Life in the hermit hovel

You’ve heard of the Hermit Kingdom, land of a dictator, well, I live in the hermit hovel, an old bungalow with a cat and countless mice, who under threat of death by cat, mostly stay in their hermit holes within the hermit hovel.

I am not a dictator, I’m an affable loner, formerly a gregarious husband and man about town. It’s a different story now. Few people, in fact nobody seeks admittance to the hermit hovel, except once in a while the handyman who comes around when something breaks and we have a beer together but most of the time I don’t call him and I try and fix it myself or just deal with it.

In my brief sorties into the outside world, I drive to the liquor store and the convenience store, conveniently avoiding the supermarket, and then I drive back home where I looked after my wife when she fell ill and was at her bedside when she left the planet and went to another— I don’t know where she went, another planet, a kingdom maybe, I don’t know, I kind of doubt she went anywhere, but you never know, even if you think you know.

I live in a limbo of hopeless hope, or perhaps it’s hopeful hopelessness. I didn’t choose to live this way, especially not live my last years this way but that’s the way it went and there’s nothing I can do about it.

After nearly two years of the hermit life I was getting psyched up to go out and seek companionship, not a new lady, just some friends maybe, go back to the bar my wife and I used to go to, it’s only a mile down the road so you can have a few drinks and still drive home safely or walk home if you get plastered.

But covid had a different plan. We’re all in the same boat there so I’m not going to complain about that. I’m not really complaining about anything, except that I’m out of beer and it’s two o’clock in the morning and I’ll have to wait seven hours to go out and get some more.

One of the things I’ve discovered during my hermitage, besides the stark charm of Japanese poetry and the comforting presence of a cat, is that a breakfast of bacon and eggs tastes even better with beer. I’ll just stay here until I’m old and broke.

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Billy, the Silver Surfer and a girl named Sue


I haven’t heard from my wife in 17 months — 17 months and 11 hours as of this writing to be exact. I call her name, I try to summon her spirit. Not a peep, not a hint of a presence. I crawl into the crawlspace looking for her ghost, I look in the liquor cabinet, the closets, under the bed, all I see under the bed is the cat who gives me a look that says, You is crazy, Cat God. She thinks I’m the Cat God like people think God is the God God.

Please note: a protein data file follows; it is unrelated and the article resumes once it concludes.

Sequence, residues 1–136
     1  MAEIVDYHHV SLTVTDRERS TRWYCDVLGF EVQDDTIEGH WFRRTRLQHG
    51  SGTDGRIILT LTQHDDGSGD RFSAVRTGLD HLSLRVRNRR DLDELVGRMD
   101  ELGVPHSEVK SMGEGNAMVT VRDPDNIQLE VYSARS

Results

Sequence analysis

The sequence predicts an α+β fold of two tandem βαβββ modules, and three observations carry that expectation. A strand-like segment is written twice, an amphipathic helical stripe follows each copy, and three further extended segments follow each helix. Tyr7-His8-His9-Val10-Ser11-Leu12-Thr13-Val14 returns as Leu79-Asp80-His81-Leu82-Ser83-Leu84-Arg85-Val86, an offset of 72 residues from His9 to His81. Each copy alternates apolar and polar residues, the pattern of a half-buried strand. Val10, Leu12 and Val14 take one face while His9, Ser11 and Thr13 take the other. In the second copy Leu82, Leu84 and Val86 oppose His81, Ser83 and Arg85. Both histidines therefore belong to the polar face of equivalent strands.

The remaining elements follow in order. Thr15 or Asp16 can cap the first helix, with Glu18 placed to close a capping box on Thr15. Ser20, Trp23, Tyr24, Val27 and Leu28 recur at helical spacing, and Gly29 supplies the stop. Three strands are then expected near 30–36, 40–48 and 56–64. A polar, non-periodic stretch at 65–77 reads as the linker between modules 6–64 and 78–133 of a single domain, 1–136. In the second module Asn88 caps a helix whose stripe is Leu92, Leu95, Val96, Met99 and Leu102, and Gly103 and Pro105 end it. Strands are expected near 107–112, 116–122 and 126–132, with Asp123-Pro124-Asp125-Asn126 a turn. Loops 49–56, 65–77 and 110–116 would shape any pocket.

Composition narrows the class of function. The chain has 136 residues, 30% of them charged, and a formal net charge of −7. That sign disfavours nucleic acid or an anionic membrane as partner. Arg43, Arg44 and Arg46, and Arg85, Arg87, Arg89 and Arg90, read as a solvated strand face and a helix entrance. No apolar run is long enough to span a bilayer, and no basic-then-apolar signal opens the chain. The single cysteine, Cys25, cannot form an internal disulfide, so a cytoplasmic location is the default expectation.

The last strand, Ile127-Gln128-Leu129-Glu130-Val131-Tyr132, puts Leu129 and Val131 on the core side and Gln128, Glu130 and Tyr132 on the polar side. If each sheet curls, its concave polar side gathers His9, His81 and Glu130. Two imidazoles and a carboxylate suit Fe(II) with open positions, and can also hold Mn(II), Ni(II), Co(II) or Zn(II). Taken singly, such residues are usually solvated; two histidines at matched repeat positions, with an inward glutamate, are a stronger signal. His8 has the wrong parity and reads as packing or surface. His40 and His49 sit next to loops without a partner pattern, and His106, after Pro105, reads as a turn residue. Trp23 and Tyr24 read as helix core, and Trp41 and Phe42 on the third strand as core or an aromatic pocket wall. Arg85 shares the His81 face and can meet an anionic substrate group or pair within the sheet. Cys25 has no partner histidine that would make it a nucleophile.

I don’t want to get into that, all I know is I don’t know where my wife is. For answers I pray in my own way which is not so much praying as sending out fervent psychic energy reaching from heaven to oblivion. I even engaged the Silver Surfer to look for her but so far he has come up empty.

I need more time, he told me. There are more than two trillion galaxies in the universe.

In other words, I said, she could be anywhere.

Or nowhere, he said.

What do you mean?

Oblivion, my friend.

But what about the indestructible atoms that make up the human body and the mind? They’ve got to end up somewhere.

That scientific theory may have been overstated, said the Silver Surfer.

I need something, man. My friend and spiritual advisor Renata de Dios tells me to have faith in God, that my wife is in Heaven — Renata’s words, not mine.

Listen, I’m out there, dude, and I’ve yet to see any evidence of God, but that doesn’t mean your wife’s not somewhere in those two trillion galaxies. 

That’s what I’m counting on, because if the God of Love that Renata de Dios believes in does exist, he sure as hell’s got it in for me. He has taken everyone in my family. My wife was all I had left. And he had to take her too.

All I can tell you, man, is don’t give up hope. If you give up hope, you’re dead. Now, hand me a shot of that whiskey you’re drinking and I’ll be on my way.

You’re a good friend, Silver Surfer.

I try. Get some sleep, Billy, you look beat.

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Hitching a ride on the road to God


He was a hitchhiker man

Year unknown somewhere back when

All his family was all dead

He had no money no bread.

He was walking for hours

Looking at wildflowers.

Chevy pickup pulls over

Pretty woman leans over

Where are you going Bud?

I’m trying to get to God.

Get in friend I know the way.

Damn, he says, my lucky day!

She sees something in his hand

She’s alone in a bad land—

It looks like some kind of knife

She hits the gas to save her life

Knocking him back on the road.

Life again is a heavy load.

Shaken, dazed and at a loss

In his hand a simple cross.